Marie Kondo & ‘Tidying Up’ EPs On Packaging “Untraditional” Reality Series & The Change Agent’s Mission To Organize The World

Seth Wenig/AP/Shutterstock

A professional organizing consultant and best-selling author, Marie Kondo has always abided by a specific vision of the world, and how life might best be lived. Becoming a household name and global influencer with the publication of her 2011 book, The Life-Changing Magic of Tidying Up—which sold more than 8 million copies, and topped the New York Times bestseller list for 69 weeks—Kondo recently took her message to television, with Netflix reality series Tidying Up.

Partnering with Kondo on the Emmy-contending series were executive producers Gail Berman and Hend Baghdady, who believed wholeheartedly in the premise of Tidying Up—that by cleaning, organizing and properly maintaining our personal spaces, lives and relationships can be changed for the better.

“What I’d love for everybody to take away from this show is to learn to take care, and really cherish what’s most important to you in your life. Oftentimes, we spend so much energy and time on things that we don’t truly care about, or don’t really cherish, so that’s something that I definitely hope everybody takes away,” Kondo says. “And if you did see the show, I’d love it if you implement it into your own life, as well.”

For the host of Tidying Up, the work of tidying (and sparking joy) is never really done. A global thinker, the Japanese native has been cleaning house, all while working towards a much larger goal—that of organizing the world, itself. Below, she explains what that means, while the show’s executive producers discuss the challenges of putting Tidying Up together.


Marie, what was exciting about the notion of hosting a television series, when the idea was first broached?

Marie Kondo: One of the great things about doing this TV show that I didn’t expect, and which I couldn’t get with my books, is that you can visually see the entire process [of tidying], and it makes things much clearer in that sense. Not only that, but you are able to visually witness how all these people’s lives change; you can see in their expression. So, it’s a very visceral experience for the viewers.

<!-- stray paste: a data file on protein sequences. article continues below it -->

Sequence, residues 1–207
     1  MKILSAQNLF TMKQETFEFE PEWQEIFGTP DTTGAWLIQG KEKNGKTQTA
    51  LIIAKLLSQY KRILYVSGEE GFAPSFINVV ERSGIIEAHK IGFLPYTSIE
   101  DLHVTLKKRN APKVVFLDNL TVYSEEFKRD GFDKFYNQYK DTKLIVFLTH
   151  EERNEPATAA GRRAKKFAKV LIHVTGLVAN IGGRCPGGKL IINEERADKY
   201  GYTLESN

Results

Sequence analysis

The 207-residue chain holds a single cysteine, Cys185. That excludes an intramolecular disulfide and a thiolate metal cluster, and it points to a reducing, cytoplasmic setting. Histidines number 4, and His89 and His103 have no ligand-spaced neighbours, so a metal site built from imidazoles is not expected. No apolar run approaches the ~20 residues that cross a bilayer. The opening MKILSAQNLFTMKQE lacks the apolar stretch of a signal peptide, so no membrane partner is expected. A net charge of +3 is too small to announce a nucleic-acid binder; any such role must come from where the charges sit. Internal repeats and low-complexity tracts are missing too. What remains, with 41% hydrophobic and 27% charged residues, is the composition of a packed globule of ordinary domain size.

How did Tidying Up land at Netflix? Why was the streaming service an ideal platform?

 Hend Baghdady: When we were out trying to set the show up, it required an executive who looks beyond what is generally on the air and goes a little bit deeper, and we found that in Bela Bajaria.

 Gail Berman: Bela got it from the get-go. She understood what it could be, which was really remarkable, because, let me tell you, a lot of people did not. She really understood that this could have a meaningful effect on people’s lives, and be more than a makeover show—and more than a personal transformation show, even. She just felt it could go much deeper, and I have to say that she really stepped out in a way that was extremely amazing, from an executive point of view.

Kondo: One of the things that really made me interested in doing the show was the production staff at Netflix. I knew that they deeply understood my method, and they were very much interested in spreading the message. When they gave a presentation to me, they made me know that spreading the message of this tidying—my particular way of tidying—was beneficial to the world, and I knew that these were the group of people that I could trust my message to. And I, myself, was very much interested in furthering my message to the world, so it was really good timing.


What did you discuss amongst yourselves early on, in terms of the approach you would take with the show?

Kondo: In our initial discussion, we considered various different formats for the show. There were times where we even considered a structured show, and wondered whether that would be better.